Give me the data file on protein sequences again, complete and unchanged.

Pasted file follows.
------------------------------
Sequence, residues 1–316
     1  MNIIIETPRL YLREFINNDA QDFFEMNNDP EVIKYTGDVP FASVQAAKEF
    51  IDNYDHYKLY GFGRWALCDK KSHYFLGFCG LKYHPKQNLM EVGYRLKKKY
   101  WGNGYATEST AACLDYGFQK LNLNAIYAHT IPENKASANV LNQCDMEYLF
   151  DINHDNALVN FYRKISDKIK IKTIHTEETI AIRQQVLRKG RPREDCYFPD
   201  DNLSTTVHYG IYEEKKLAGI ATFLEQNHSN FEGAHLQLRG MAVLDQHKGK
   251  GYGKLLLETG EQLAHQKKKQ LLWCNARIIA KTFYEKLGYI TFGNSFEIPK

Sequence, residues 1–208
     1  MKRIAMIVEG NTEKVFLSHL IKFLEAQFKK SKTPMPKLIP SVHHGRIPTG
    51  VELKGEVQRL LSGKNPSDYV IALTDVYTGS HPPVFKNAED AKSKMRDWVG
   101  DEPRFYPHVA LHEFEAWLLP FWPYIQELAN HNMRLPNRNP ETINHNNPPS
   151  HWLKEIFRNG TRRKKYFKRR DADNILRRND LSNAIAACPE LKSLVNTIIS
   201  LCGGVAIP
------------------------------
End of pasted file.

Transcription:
Sequence, residues 1–316
     1  MNIIIETPRL YLREFINNDA QDFFEMNNDP EVIKYTGDVP FASVQAAKEF
    51  IDNYDHYKLY GFGRWALCDK KSHYFLGFCG LKYHPKQNLM EVGYRLKKKY
   101  WGNGYATEST AACLDYGFQK LNLNAIYAHT IPENKASANV LNQCDMEYLF
   151  DINHDNALVN FYRKISDKIK IKTIHTEETI AIRQQVLRKG RPREDCYFPD
   201  DNLSTTVHYG IYEEKKLAGI ATFLEQNHSN FEGAHLQLRG MAVLDQHKGK
   251  GYGKLLLETG EQLAHQKKKQ LLWCNARIIA KTFYEKLGYI TFGNSFEIPK

Sequence, residues 1–208
     1  MKRIAMIVEG NTEKVFLSHL IKFLEAQFKK SKTPMPKLIP SVHHGRIPTG
    51  VELKGEVQRL LSGKNPSDYV IALTDVYTGS HPPVFKNAED AKSKMRDWVG
   101  DEPRFYPHVA LHEFEAWLLP FWPYIQELAN HNMRLPNRNP ETINHNNPPS
   151  HWLKEIFRNG TRRKKYFKRR DADNILRRND LSNAIAACPE LKSLVNTIIS
   201  LCGGVAIP